I normally recommend two to three counterattacks. I would rather my self-defense students have to stop a reflex of following up on a self-defense technique as opposed to having to learn an entire new reflex during a self-defense situation. See my article on Modern Teaching Methods of An Ancient Art for ideas on rotating a large number of students in this drill to vary partners and self-defense student reactions.

One Step Sparring is one of the most versatile drills I have ever run across. The only limitations of this drill are the imagination of the martial arts instructor and the self-defense student.

Variations of One Step Sparring

This is another martial arts article in and of itself, but I will name a few of them to give you an idea of the versatility of this drill.

Two Step Sparring having the attacker execute two attacking techniques.

One Step Sparring from different angles of attack i.e.; back front, side. You will find the blocking is slightly different at these angles. According to an article of research I read, most martial arts students who defend themselves successfully are attacked from the front. Think about most of your self-defense drills you do in martial arts class and you will see why.

One Step Sparring against weapons.

One Step Sparring with weapons.

One Step Sparring against multiple attackers.

Limit the ways the partner can attack forcing the self-defense student's partner to think of different techniques.

Limit the ways the self-defense student can block forcing the self-defense student to think of different way of evading or blocking.

Limit the ways the self-defense student can use to counterattack with forcing the self-defense student to think of different self-defense techniques to use when counterattacking i.e.; takedowns only, restraints only, legs only, arms only, must end with a restraint or takedown and so much more.

Mix them up. Do variations of One Step Sparring within the variations of One Step Sparring.

If anyone needs further explanation of these variations of One Step Sparring, I can always make it my next article.

If there is such thing as an ultimate self-defense drill, which there is not, the variations of One Step Sparring come very close. I have actually discovered blocks, striking techniques and takedowns based on the angle that my partner ended up at from my initial counterattack. Many of my own ideas and reflexes changed as I began incorporating this drills more years ago than I like to think of. I believe to an open minded martial artist, the variations of the One Step Sparring drill can be of benefit in both the development of self-defense and martial arts skills. I am slowly but surely working on a book in printable electronic form as I love that media, which includes drills I have developed incorporating my Movement Education background which will be called something like Bringing The Martial Artist Out From Within - Drills to Increase Your Natural Biological Abilities to Defend Yourself. Preorders of my self-defense book will naturally be discounted and you will receive the unfinished book in electronic form and free updates to the book as it grows.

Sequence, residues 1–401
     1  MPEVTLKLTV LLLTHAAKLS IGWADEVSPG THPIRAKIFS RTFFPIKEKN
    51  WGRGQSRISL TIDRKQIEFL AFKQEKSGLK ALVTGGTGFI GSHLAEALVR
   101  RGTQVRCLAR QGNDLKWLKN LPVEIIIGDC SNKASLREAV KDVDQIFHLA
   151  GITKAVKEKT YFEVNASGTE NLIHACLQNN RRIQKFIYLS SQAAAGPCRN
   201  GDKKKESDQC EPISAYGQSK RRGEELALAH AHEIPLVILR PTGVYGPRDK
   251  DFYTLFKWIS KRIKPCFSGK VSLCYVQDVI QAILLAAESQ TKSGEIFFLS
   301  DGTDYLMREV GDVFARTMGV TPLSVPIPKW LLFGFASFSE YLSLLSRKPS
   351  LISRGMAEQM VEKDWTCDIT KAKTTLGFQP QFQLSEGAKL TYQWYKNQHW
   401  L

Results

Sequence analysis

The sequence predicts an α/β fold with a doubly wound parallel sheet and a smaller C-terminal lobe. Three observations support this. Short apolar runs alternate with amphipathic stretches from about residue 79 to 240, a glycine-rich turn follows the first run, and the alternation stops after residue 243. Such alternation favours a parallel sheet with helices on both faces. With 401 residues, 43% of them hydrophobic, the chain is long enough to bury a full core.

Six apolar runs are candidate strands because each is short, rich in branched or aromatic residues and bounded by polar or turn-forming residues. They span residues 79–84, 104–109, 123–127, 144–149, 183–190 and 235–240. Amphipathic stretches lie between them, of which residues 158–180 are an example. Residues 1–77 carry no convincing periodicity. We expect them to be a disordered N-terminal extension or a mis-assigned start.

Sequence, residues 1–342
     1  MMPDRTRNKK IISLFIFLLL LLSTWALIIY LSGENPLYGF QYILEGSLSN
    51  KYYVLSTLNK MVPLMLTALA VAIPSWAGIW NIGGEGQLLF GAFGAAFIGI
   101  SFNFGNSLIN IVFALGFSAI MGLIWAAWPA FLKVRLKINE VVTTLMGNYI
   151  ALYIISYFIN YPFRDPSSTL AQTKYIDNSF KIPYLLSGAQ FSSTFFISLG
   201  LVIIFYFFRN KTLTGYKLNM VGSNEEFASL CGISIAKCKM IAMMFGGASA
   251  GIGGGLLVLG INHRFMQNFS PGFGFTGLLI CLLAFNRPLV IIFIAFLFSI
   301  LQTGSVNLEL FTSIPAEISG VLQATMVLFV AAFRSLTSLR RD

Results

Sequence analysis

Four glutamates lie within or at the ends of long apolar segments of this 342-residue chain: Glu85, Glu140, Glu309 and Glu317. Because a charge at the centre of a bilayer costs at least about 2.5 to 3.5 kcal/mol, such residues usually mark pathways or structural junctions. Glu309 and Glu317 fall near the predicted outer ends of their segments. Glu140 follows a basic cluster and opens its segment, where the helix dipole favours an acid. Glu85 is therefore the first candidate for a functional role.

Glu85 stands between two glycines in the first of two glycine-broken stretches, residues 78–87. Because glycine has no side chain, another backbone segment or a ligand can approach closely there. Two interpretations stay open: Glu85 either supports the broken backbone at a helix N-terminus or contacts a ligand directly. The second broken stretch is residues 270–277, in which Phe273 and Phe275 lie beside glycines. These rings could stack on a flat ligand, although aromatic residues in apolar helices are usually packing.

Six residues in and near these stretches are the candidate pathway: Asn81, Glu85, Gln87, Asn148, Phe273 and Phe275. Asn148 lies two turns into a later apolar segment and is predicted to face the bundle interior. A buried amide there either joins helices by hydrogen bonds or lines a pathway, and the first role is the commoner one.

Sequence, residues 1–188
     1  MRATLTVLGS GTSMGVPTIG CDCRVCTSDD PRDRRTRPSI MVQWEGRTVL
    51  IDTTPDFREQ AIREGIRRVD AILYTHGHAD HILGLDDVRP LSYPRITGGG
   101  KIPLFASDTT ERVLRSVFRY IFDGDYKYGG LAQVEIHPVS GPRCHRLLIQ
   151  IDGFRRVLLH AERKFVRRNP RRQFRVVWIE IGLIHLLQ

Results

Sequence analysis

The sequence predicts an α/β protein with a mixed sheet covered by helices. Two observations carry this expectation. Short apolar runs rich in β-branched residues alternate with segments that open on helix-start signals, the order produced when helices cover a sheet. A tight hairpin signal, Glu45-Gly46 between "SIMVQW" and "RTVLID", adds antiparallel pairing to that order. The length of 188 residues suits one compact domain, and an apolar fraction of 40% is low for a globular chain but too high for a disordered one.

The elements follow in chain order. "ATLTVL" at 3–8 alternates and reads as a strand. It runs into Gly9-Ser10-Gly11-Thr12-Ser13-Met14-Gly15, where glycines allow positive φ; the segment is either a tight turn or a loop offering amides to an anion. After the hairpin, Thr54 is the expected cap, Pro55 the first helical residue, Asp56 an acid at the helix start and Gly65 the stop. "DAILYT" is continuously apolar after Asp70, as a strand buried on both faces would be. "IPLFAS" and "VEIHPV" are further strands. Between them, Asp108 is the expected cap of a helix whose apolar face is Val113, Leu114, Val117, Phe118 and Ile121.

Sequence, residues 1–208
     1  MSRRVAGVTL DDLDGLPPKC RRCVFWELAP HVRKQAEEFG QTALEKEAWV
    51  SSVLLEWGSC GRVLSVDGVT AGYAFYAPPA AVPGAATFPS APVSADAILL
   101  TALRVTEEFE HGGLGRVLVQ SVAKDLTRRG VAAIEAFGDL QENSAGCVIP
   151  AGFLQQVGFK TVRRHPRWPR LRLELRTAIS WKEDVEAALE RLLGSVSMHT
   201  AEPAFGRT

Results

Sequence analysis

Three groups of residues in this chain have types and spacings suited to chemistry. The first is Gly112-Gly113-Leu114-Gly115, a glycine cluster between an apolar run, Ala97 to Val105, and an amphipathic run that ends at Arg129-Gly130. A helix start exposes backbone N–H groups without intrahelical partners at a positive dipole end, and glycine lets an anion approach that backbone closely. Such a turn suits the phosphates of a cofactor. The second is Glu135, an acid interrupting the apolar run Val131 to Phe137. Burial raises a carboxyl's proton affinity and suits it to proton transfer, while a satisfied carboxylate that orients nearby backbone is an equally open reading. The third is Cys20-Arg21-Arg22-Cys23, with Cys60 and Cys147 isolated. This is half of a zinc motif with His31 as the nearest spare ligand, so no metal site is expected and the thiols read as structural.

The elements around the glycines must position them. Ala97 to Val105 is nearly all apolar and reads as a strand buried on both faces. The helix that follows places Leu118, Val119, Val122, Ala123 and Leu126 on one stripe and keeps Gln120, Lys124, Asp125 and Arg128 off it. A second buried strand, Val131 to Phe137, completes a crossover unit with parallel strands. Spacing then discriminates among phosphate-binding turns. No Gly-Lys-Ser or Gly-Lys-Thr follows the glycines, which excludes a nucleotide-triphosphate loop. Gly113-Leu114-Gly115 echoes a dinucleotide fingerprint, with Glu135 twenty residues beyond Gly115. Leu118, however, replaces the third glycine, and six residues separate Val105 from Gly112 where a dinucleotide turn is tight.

Sensei J. Richard Kirkham is a 27 year martial art veteran. He is a dual certified teacher with a Bachelors of Science Degree in Physical Education with a background in Special Education, Exercise Physiology, Movement Education, and Behavioral Modification. He is presently an in home tutor, self-defense instructor, and body guard. Mr. Kirkham is presently teaching in Honolulu Hawaii. He can be reached at 808-528-5775 Ext. 5. He has one challenge which has yet to fail him, he can increase anyone's striking power 50% to 100% in one lesson. For those who cannot see him in person, he offers the same service with others on affordable custom video tapes. Sensei Kirkham has the unique service of offering in home classes so that people may learn self-defense in the privacy of their home without worrying about travel after a hard days work.

Please send any articles you wish to contribute to with contribute as the subject. Other contributions for the time and expense of running this martial arts ezine may be given here. Thank you for your support. :-)